Pygmalion themes and their significance
The play “Pygmalion” by George Bernard Shaw portrays the transformation of Eliza Doolittle, a cockney flower girl who becomes a professional woman through handwork of her sculptor. In his play, Shaw reveals a twist in the Greek myth. Where, a flower girl is transformed into a Dutch through the power of speech. Shaw employs his mythology to portray the Victorian England aspects, common class classification. The author uses the choice of words and speech among other features to shed light to the social class distinctions. Social class is interchange widely in the play Pygmalion. This draws along with the characteristics of characters and the major themes as well (Shaw)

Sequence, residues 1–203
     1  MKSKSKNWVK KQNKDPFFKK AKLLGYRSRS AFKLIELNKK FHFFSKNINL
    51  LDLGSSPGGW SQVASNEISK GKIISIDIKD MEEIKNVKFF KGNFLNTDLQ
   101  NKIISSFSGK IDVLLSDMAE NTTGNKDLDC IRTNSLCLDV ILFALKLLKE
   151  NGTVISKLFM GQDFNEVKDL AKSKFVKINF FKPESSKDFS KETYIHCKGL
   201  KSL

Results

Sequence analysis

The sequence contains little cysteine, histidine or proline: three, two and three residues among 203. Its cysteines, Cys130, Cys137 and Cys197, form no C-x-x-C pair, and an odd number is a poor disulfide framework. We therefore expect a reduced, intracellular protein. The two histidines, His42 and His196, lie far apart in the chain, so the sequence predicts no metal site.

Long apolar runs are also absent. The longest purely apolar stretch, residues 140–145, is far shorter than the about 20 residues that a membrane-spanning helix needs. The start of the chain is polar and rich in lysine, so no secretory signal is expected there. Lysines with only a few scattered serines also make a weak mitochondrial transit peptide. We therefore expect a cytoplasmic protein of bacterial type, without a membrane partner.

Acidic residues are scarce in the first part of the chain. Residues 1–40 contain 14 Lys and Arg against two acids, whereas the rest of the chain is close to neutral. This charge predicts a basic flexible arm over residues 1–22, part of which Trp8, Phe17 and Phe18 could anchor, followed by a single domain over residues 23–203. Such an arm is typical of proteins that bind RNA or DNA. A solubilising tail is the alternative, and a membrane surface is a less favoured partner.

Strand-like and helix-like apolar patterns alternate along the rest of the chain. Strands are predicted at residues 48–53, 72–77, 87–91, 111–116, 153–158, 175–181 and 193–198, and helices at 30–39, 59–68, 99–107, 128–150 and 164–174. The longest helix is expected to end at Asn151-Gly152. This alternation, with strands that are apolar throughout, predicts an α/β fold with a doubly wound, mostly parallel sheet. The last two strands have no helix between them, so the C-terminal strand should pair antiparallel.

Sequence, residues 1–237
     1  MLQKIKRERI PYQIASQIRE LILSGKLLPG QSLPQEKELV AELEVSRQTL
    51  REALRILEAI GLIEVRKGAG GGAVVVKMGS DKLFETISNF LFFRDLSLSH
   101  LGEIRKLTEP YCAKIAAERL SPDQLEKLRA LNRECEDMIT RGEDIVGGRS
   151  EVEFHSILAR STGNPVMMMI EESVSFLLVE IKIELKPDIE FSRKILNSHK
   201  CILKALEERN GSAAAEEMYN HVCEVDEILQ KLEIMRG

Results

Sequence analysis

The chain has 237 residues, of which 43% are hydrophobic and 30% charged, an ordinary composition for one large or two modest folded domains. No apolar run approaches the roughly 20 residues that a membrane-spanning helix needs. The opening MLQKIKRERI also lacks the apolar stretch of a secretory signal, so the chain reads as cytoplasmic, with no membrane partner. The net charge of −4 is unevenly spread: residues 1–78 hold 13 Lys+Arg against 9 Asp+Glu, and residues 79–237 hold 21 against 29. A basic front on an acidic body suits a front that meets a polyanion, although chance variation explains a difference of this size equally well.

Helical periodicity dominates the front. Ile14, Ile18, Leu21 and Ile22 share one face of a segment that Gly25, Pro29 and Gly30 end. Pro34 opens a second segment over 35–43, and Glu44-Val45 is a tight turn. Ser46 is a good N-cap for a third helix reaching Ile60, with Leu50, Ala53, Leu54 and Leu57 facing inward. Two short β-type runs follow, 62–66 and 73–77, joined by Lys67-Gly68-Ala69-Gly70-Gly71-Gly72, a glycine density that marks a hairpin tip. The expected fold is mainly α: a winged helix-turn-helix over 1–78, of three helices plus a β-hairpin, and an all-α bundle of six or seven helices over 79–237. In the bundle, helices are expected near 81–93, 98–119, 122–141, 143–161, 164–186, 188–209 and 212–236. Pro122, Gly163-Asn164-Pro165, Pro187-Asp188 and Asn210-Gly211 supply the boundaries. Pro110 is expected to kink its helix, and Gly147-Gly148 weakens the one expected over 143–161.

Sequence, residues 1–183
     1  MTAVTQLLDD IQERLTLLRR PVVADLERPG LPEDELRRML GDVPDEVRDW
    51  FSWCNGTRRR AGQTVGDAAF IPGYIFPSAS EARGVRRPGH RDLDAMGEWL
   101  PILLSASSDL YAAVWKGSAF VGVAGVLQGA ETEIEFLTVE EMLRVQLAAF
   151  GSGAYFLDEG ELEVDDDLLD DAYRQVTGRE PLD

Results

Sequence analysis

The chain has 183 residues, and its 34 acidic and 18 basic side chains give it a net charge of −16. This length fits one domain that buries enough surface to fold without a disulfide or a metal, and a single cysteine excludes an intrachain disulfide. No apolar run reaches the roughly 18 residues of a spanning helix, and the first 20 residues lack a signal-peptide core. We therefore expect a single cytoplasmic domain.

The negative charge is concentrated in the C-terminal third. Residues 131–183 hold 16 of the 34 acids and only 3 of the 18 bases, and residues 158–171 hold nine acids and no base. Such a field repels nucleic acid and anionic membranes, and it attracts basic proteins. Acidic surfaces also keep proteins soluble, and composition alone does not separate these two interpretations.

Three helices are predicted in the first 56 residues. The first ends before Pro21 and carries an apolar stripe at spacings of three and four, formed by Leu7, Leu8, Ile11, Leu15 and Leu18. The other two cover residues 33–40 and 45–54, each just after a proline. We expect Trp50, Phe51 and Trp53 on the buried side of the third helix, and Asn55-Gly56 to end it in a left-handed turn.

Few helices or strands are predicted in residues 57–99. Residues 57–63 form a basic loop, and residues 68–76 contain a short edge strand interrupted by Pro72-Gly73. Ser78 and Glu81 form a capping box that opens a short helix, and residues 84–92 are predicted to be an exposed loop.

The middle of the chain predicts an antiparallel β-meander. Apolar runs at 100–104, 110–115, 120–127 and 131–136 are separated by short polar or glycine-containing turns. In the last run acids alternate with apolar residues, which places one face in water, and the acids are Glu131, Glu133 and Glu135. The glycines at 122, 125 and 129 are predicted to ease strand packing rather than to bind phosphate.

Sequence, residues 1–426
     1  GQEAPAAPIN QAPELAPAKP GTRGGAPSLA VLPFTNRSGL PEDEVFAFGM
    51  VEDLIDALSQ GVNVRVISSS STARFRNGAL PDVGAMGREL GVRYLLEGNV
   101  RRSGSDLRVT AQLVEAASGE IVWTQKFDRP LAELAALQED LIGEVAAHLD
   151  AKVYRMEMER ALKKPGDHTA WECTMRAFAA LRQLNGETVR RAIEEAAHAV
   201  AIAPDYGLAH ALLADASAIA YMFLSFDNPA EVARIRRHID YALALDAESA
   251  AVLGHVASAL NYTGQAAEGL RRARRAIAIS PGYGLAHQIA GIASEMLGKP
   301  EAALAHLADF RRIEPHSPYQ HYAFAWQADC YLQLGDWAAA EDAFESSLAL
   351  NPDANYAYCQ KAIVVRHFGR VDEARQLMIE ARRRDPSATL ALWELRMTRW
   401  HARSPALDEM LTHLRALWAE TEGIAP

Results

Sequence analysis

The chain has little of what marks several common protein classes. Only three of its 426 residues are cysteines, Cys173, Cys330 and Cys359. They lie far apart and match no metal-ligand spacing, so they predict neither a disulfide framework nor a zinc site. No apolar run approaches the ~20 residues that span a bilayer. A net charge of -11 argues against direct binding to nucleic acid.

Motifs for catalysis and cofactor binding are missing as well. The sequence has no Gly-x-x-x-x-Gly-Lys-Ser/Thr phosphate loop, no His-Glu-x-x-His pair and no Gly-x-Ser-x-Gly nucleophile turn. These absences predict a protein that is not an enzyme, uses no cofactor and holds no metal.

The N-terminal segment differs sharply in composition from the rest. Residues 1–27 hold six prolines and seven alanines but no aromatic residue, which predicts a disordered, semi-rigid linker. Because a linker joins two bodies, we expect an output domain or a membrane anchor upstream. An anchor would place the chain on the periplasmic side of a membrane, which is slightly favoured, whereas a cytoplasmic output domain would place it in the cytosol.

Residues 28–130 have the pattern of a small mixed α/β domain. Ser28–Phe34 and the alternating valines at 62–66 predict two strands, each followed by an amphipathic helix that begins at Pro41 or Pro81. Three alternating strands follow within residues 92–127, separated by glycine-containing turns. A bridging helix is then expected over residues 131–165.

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This oppressed ad disadvantaged the low class people. The essay shows how the theme of social class creates possibilities for those clever enough to exploit the connection between speech and class. After all, Eliza, Higgins, and Pickering are able to use this to their advantage to fool the high society and successfully passed Eliza off as a noble lady (BookCaps, BookCaps Study Guides Staff).
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